We decided to use some of our time in Iguaçu Falls to drive to Paraguay from Brazil so that we could knock another country off of our list. Traffic was too intense so instead of driving us over the bridge to Paraguay from Brazil, the guide parked and we walked it instead (it turned out to be a very long walk and Tarek and I both had on sandals). Halfway through the bridge there was a marking that showed we had entered into Paraguay from Brazil (or vice versa).
The guide then signaled for us to stop talking as we went passed the immigration area (we did not have visas). Nobody paid us any attention and we continued across unmolested. At the end of the bridge in Paraguay, the big attraction was a Duty Free shopping area which the guide tried to entice us with. He really wanted us to stay there and shop. We explained in Spanish that this was very uninteresting for us, and that we wanted to continue in to the city, see history, culture, and eat lunch. He gave us a look like we were loco, and then explained to go ahead, that he wasn’t come with us, and pointed in the direction to go and then said in Spanish: “Go straight, and when you get to the road, stay right. The left is dangerous.” He looked serious. We agreed to meet him back at a café inside the Duty Free mall at 1730.
We had to weave through heavy traffic to cross the street, move past the border area, and get to the zone on the right that he alluded to. That alone was tricky. Once there, we found a never-ending low-end shopping area of small stalls and cheap clothing, electronics, hardware, fishing poles, and guns (I think fake?). Because, you know, when I go to Paraguay, those are the things I want to buy. Apparently there were great deals to be had for Brazilians as the Paraguayan currency was worth considerably less. There were no apparent lunch places (although some of the street fruit looked good, we didn’t try any), no apparent history or culture, and really nothing at all of interest. Just endless stalls, buildings, and semi-squalor.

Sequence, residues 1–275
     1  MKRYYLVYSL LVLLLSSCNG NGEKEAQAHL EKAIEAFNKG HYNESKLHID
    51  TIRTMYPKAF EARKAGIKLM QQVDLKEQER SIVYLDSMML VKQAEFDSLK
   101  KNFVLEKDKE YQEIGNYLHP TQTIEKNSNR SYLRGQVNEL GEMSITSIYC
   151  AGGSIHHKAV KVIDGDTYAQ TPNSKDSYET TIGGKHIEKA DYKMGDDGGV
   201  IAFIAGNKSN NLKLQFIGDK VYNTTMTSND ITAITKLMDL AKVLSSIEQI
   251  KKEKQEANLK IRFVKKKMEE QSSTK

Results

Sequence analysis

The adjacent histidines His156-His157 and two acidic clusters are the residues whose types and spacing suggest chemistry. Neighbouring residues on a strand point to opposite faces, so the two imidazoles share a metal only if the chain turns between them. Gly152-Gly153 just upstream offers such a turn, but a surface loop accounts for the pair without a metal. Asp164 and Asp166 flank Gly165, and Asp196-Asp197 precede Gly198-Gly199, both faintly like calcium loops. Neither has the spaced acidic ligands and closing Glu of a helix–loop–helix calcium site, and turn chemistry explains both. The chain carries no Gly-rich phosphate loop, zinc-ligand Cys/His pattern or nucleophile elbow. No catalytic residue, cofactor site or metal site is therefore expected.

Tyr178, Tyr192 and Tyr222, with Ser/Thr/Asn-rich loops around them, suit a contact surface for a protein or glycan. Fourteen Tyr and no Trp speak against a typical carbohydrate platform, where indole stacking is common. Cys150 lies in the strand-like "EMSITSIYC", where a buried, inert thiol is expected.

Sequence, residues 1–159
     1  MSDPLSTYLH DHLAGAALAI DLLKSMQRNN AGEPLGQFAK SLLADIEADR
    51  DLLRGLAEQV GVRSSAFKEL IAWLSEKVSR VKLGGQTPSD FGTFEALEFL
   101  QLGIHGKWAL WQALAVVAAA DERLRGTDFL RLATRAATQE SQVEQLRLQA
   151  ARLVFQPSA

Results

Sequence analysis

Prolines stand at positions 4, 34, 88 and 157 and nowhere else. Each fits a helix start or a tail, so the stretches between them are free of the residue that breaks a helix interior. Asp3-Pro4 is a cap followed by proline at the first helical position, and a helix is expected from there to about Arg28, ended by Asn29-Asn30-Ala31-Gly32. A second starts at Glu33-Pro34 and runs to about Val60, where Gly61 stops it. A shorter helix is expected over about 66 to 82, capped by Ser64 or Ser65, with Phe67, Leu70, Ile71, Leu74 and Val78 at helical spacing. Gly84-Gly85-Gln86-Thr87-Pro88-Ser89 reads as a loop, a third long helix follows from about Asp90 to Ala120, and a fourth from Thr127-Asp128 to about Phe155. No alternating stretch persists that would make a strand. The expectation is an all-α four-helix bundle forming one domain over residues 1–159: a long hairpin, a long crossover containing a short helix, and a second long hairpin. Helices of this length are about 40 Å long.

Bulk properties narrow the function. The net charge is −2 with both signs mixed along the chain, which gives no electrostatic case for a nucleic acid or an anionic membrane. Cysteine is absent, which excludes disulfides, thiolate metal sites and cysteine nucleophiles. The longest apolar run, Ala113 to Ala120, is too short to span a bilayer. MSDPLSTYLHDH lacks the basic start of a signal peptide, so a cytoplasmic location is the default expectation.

Several hundred meters in we decided to make for a park on the left side that we noticed on Google maps. I was not thrilled at the prospect of going to the “dangerous” left side, but it didn’t seem any worse. We got to the park, which was also pretty horrible (see below), and decided to leave when a youth walked by us and made the “scram” gesture with his right hand. We were not sure what that meant but we didn’t want to stick around and find out.
We retraced our steps back to the Duty Free area without incident. Ciudad del Este was decidedly horrible, but hey, we made it in to Paraguay. The coolest part of our venture in to Paraguay were these neato motorcycle taxis we found near the Duty Free shopping area.
We waited for the guide to show up at the café, and he was just a little surprised to see us (there was always the possibility that we wouldn’t return, that we didn’t pick up on until we got inside). We told him that there was absolutely nothing in that city to do or see, and he said “I know”. It felt less like an “I told you so” and more like a “but I know you needed to see it for yourselves to cross the country off your list.” He dealt with people like us all the time, I’m sure.
We crossed back in to the Brazilian side with ease and were happy to be “home.” Here’s a picture of the Paraguay side, right by the riverfront. Tarek and I agreed the city could invest in a riverside dining/shopping area to help develop Ciudad del Este.
I chatted with the guide in my limited Spanish on the walk back and he mentioned that Asuncion (the capital of Paraguay) was actually a very nice, pretty (bonita) city. I will therefore save my opinions of Paraguay for Asuncion, if I ever get there. Tarek likened what he saw to the worse parts of Cairo. We had the privilege of going to Paraguay from Brazil for R250 ($80) and our afternoon.
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